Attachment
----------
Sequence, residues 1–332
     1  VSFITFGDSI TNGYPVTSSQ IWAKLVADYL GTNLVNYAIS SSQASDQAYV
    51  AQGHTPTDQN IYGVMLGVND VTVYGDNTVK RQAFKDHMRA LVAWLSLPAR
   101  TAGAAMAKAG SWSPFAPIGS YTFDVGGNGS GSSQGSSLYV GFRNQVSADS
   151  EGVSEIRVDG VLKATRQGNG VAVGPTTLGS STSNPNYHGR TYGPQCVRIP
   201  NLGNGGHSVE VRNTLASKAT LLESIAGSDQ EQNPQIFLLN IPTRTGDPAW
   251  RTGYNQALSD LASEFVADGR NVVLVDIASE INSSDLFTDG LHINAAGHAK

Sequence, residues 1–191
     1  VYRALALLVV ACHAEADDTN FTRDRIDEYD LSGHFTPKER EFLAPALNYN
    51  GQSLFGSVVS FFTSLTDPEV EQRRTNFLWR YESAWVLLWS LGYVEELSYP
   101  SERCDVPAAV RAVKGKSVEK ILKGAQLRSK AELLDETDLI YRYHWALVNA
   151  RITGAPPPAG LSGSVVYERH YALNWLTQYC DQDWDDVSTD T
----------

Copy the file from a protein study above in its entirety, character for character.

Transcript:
Sequence, residues 1–332
     1  VSFITFGDSI TNGYPVTSSQ IWAKLVADYL GTNLVNYAIS SSQASDQAYV
    51  AQGHTPTDQN IYGVMLGVND VTVYGDNTVK RQAFKDHMRA LVAWLSLPAR
   101  TAGAAMAKAG SWSPFAPIGS YTFDVGGNGS GSSQGSSLYV GFRNQVSADS
   151  EGVSEIRVDG VLKATRQGNG VAVGPTTLGS STSNPNYHGR TYGPQCVRIP
   201  NLGNGGHSVE VRNTLASKAT LLESIAGSDQ EQNPQIFLLN IPTRTGDPAW
   251  RTGYNQALSD LASEFVADGR NVVLVDIASE INSSDLFTDG LHINAAGHAK

Sequence, residues 1–191
     1  VYRALALLVV ACHAEADDTN FTRDRIDEYD LSGHFTPKER EFLAPALNYN
    51  GQSLFGSVVS FFTSLTDPEV EQRRTNFLWR YESAWVLLWS LGYVEELSYP
   101  SERCDVPAAV RAVKGKSVEK ILKGAQLRSK AELLDETDLI YRYHWALVNA
   151  RITGAPPPAG LSGSVVYERH YALNWLTQYC DQDWDDVSTD T